"The image of the human skull is the thing that's really problematic for us," a spokesman for the Ontario Liquor Control Board told The Globe and Mail, explaining why the actor Dan Aykroyd's Crystal Head vodka had been banned in the province. "That's an image that's commonly associated with death. It's especially problematic at a time when there are concerns around binge drinking by younger adults, which in some cases unfortunately has resulted in alcohol poisoning."
If skull-shaped liquor bottles remind people of death from alcohol poisoning, you might think they'd deter excessive consumption. But public health paternalists argue that death-related imagery, which serves as a warning when used by the government, serves as an enticement when used by marketers, practically daring careless thrill seekers to consume the product. Hence the controversies over Death cigarettes and Black Death vodka.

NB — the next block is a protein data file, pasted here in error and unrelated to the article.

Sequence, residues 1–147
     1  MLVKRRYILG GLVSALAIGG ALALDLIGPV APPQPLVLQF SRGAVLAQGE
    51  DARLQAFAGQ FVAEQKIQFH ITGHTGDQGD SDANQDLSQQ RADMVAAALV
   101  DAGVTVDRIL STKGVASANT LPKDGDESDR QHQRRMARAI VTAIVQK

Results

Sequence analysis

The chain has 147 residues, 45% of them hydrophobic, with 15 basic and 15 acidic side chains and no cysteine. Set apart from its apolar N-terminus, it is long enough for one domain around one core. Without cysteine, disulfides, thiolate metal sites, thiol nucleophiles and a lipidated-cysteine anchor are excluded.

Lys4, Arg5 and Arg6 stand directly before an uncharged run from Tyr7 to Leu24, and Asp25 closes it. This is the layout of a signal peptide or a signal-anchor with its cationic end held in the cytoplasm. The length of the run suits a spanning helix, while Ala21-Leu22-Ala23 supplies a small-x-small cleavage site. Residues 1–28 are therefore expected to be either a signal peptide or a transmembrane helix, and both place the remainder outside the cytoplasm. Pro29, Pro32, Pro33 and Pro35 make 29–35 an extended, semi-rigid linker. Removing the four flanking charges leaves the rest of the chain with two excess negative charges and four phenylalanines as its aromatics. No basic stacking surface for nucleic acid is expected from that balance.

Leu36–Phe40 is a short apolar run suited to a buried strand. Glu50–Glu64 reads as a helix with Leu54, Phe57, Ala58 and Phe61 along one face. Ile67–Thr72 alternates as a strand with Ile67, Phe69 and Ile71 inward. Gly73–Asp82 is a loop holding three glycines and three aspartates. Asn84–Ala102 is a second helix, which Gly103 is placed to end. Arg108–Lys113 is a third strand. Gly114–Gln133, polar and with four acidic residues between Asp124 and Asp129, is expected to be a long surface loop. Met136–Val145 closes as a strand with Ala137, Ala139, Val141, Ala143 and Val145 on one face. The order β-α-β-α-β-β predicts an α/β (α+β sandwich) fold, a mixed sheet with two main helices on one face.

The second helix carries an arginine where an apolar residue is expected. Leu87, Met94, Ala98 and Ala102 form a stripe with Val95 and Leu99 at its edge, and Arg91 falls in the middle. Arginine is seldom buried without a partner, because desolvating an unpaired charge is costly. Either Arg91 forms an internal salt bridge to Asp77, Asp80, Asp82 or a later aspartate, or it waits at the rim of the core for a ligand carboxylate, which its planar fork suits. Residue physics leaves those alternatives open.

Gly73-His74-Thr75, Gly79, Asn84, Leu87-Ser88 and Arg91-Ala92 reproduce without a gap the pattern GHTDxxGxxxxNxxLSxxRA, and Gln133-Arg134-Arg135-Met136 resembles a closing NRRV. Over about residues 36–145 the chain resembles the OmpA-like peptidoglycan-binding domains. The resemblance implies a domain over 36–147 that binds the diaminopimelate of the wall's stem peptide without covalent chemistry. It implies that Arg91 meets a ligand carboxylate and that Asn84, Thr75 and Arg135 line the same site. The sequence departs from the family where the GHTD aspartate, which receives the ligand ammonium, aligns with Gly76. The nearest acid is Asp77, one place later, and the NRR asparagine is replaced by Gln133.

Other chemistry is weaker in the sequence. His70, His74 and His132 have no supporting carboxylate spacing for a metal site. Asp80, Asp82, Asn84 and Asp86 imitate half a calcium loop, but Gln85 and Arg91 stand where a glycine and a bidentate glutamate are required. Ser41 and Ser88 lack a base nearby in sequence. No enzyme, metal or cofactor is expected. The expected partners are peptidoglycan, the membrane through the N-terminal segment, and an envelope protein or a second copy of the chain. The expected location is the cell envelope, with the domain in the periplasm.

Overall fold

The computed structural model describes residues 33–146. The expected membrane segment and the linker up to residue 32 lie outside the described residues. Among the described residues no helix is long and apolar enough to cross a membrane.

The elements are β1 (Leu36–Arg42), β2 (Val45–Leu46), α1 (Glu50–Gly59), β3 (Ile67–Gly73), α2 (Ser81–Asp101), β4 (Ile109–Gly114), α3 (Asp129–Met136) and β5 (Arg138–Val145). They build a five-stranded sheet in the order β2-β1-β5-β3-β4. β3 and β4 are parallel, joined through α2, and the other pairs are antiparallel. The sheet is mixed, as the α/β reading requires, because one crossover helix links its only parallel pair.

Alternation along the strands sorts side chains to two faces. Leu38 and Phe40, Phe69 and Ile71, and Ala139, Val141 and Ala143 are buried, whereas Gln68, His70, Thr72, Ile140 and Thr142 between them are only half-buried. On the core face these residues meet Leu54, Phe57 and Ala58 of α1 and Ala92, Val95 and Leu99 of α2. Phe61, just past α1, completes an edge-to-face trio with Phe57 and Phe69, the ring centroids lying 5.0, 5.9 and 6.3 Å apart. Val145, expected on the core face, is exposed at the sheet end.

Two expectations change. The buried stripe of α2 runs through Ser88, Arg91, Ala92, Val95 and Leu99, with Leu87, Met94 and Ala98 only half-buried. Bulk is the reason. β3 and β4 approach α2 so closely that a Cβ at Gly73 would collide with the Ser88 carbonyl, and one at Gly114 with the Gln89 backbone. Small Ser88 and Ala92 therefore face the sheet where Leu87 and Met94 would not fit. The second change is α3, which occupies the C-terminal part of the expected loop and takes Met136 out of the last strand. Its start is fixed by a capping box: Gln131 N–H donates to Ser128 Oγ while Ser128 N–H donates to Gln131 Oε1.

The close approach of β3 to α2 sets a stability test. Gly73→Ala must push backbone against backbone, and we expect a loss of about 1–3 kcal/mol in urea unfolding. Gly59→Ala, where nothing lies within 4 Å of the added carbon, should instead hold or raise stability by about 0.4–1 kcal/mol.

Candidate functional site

Whatever the merits of that argument, it's highly improbable that binge-drinking "younger adults" will want to lay out $60 for a bottle of Aykroyd's super-premium vodka when they can get much more buzz for their buck from beer (or cheap vodka). For his part, Aykroyd, an Ontario native, was unperturbed by the ban, which he said "kind of makes the product more appealing."